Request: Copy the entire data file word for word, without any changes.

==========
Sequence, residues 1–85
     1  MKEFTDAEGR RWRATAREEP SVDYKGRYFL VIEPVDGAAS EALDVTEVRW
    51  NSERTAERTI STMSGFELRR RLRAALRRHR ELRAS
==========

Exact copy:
Sequence, residues 1–85
     1  MKEFTDAEGR RWRATAREEP SVDYKGRYFL VIEPVDGAAS EALDVTEVRW
    51  NSERTAERTI STMSGFELRR RLRAALRRHR ELRAS